Central Venous Catheter
- Sits in subclavian or internal jugular with tip directed towards SVC.
- Measures RAP RVEDP = RV preload and thought to parallel LAP and thus LV preload.
- Inaccurate in ptatients with pulmonary HTN, Right heart disease, valvular pathologies, pulmonary edema, PEEP (↑ intrathoracic pressure during expiration ↑ CVP)
- Also used to infuse inotropes or vasopressors
Causes of Preoperative Volume Loss
- Fluid shifts (e.g. burns, ascites, pleural effusion)
Intraoperative Volume Assessment
Not very reliable:
- HR and BP (control for PPV and anesthetics may cause relative hypovolemia)
- Pulse Oximetry (waveform wanters from baseline)
- Urine Output (stress response from surgery increases ADH so not reliable measure).
- Serial ABGs to check lactate.
Reliable in the absence of heart pathology
- Central Venous Catheter (for CVP).
- Pulmonary artery catheter: Most commonly used for in RV dysfunction, pulmonary hypertension, valvular pathology (AS, MR), LV dysfunction.
- Transesophageal Echocardiogram: Commonly used in major cardiac surgeries and liver transplants.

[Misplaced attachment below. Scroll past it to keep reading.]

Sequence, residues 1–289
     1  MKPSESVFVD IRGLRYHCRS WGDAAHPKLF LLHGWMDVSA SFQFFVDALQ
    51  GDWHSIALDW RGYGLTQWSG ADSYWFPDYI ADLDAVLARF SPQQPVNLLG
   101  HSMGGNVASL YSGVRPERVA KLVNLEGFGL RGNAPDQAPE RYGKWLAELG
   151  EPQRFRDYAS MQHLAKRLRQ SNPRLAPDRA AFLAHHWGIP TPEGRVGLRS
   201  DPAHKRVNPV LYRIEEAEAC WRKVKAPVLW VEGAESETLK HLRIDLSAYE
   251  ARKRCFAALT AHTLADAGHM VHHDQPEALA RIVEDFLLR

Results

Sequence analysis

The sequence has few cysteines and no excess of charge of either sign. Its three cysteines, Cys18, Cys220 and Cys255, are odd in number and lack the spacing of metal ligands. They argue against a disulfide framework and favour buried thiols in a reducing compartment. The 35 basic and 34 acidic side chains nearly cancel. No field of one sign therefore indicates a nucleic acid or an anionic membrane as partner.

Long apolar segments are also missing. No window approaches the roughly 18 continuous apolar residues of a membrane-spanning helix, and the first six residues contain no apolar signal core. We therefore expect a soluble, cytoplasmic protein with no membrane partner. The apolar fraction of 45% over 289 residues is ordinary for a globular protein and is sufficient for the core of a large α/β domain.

Intraoperative Fluid Requirements
Maintenance: Generally 4-2-1 rule used. 4ml/hr/kg for first 10 kg, 2 ml/hr/kg for next 10 kg, 1 ml/hr/kg for each additional kg.
Compensation for pre-existing fluid defecits: Multiply maintenance requirements by the number of hours NPO. Give 1/2 of additional fluids in the first hour, 1/4 in the 2nd hour, and 1/4 in the 3rd hour.
For a 70 kg man, the total fluid requirements are 4 x 10 kg + 2 x 10 kg + 1 x 50 kg = 110 ml/hr.
If the man has been NPO for 8 hours, he needs an additional 880 ml (for a total of 990 ml). 440 ml (on top of the maintenance 110 ml) will be given in the first hour of the surgery. 220 ml (+110 ml maintenance) will be given in each of the next two hours).
Types of Fluid